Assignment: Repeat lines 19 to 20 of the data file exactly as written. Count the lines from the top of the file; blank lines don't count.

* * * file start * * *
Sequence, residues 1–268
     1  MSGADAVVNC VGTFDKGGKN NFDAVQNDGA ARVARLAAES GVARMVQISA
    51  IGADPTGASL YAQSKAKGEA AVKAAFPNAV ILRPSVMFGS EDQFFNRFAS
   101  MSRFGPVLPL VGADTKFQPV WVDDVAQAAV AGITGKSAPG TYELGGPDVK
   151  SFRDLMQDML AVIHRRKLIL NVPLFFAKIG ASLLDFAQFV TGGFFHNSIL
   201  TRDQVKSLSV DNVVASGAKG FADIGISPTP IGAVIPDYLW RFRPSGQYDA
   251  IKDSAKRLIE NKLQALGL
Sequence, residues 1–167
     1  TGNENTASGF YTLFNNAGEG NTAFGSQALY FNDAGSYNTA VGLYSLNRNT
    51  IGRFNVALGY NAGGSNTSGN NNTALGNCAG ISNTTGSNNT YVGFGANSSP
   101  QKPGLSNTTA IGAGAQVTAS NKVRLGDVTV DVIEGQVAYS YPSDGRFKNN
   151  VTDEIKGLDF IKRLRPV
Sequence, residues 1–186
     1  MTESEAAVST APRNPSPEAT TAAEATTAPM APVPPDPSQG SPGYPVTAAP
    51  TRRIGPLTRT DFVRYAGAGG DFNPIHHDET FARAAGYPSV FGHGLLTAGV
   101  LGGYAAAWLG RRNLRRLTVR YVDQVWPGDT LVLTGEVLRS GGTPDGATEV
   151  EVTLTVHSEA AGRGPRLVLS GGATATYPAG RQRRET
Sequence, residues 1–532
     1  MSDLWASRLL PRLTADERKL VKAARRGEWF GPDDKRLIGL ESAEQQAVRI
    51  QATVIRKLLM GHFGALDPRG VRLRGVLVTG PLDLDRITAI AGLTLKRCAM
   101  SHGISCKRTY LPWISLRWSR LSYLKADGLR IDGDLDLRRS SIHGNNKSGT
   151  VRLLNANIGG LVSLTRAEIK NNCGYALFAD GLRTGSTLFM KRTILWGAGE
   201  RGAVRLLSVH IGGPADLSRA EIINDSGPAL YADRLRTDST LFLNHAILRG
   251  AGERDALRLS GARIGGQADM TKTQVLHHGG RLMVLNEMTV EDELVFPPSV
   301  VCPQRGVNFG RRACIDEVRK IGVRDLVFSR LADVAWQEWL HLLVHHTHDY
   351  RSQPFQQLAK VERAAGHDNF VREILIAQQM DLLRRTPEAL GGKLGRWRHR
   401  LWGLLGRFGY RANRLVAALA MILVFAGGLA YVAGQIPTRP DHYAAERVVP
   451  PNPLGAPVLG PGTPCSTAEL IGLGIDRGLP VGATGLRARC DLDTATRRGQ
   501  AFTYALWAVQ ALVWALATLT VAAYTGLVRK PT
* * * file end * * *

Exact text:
     1  MSDLWASRLL PRLTADERKL VKAARRGEWF GPDDKRLIGL ESAEQQAVRI
    51  QATVIRKLLM GHFGALDPRG VRLRGVLVTG PLDLDRITAI AGLTLKRCAM